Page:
BOD Election 2019 - Candidate Profile

Lee Liberty

Research Professor

Department of Geosciences

Boise State University


2013 - Present Research Professor, Department of Geosciences Boise State University
2015 - 2017 Visiting Professor, Earth Observatory Singapore Nanyang Technical University
2008 - 2013 Associate Research Professor Boise State University
1992 - 2008 Research Associate, Department of Geosciences Boise State University
1992 M.S. Geophysics University of Wyoming
1988 - 1989 Geologist U.S. Geological Survey, Reston, VA
1987 B.S. Geology Syracuse University


2019 - Present PASSCAL Standing Committee Member
2019 - Present Seismic Source Facility Advisory Council
2015 - 2018 International Development Steering Committee
2005 - 2019 Internship mentor (REU) to eight undergraduate students
2016 Subduction Zone Observatory Workshop Organizing Committee
2016 Undergraduate Internship Orientation Week
2013 - 2014 Data Processing (active source) short course instructor
2012 IRIS Workshop Organizing Committee
2010 - 2012 PASSCAL Standing Committee

Selected Other Service to the Seismological Community

2019 SEG Geophysical Impact on Smart City and Urban Development Workshop: Co-Convener/Technical Co-Chair, Beijing, China
2019 Idaho National Lab Probabilistic Seismic Hazard Analysis (PSHA) Resource Expert
2015 - Present State of Idaho Hazard Mitigation Plan Committee Member
2014 Guest Editor: Humanitarian Geophysics, The Leading Edge
2012 SEG-AGU Hydrogeophysics Workshop Organizing Committee


From data to instruments to education and outreach, IRIS has been critical to the success and advancement of seismological sciences for many decades. IRIS has continually adapted its mission of exploring the earth’s interior by successfully incorporating new instrumentation (e.g., MT) and new services into its core mission. As NSF has recommended a merger of seismic and geodetic facilities, and as scientists continue to advocate for the inclusion of other geophysical instrumentation to address broader science questions (e.g., critical zone science), IRIS must not only represent the needs of the seismology community, but also consider the interests of the broader geophysical community. A need for a robust instrument facility to support active and passive seismology experiments, expansion of geophysical instrumentation needed to address the next generation problems in earth sciences, a data archival facility to support these diverse, large and complex datasets, and education and outreach programs to support this mission requires a leadership team that represents a range of science interests.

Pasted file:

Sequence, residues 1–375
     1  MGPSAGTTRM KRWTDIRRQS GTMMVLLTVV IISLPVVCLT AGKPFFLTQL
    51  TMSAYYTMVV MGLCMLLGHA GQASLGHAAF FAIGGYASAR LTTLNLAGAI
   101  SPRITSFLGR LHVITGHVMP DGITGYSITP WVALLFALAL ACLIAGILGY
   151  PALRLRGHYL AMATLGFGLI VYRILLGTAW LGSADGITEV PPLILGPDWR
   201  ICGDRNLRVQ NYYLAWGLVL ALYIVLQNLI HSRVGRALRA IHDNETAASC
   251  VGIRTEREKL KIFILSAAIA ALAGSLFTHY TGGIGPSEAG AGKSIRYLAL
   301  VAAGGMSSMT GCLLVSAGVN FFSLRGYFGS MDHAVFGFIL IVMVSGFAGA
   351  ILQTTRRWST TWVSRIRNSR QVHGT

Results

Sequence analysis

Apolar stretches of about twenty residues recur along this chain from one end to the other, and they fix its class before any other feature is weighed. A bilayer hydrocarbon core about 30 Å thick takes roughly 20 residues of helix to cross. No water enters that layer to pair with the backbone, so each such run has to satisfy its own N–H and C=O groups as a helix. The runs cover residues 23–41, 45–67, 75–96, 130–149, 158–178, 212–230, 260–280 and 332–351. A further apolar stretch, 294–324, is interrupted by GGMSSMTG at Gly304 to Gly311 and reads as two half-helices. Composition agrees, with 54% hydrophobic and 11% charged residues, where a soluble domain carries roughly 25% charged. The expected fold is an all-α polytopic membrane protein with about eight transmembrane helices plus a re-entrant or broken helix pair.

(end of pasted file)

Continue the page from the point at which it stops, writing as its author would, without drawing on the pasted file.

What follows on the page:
I have worked as a seismologist and IRIS advocate for more than 20 years. My research interests lie in understanding fault and fluid movement through the earth with relevance to vulnerable populations. In particular, I focus on the use of active-source seismology, with other geophysical tools, to assess earthquake hazards, to estimate water storage in the critical zone, and to map permeable pathways related to fluid transport. Because my interests lie both strongly within the field of seismology and within the near surface and hydrogeophysics communities, I feel that I can represent the traditional interests of IRIS while embracing the interests of the communities that will represent the IRIS facility of the future. It is an honor to stand for election to the IRIS Board. If elected, I will strongly advocate on behalf of the seismology community, and help to navigate a path forward toward the development, deployment, and operational support of a new generation facility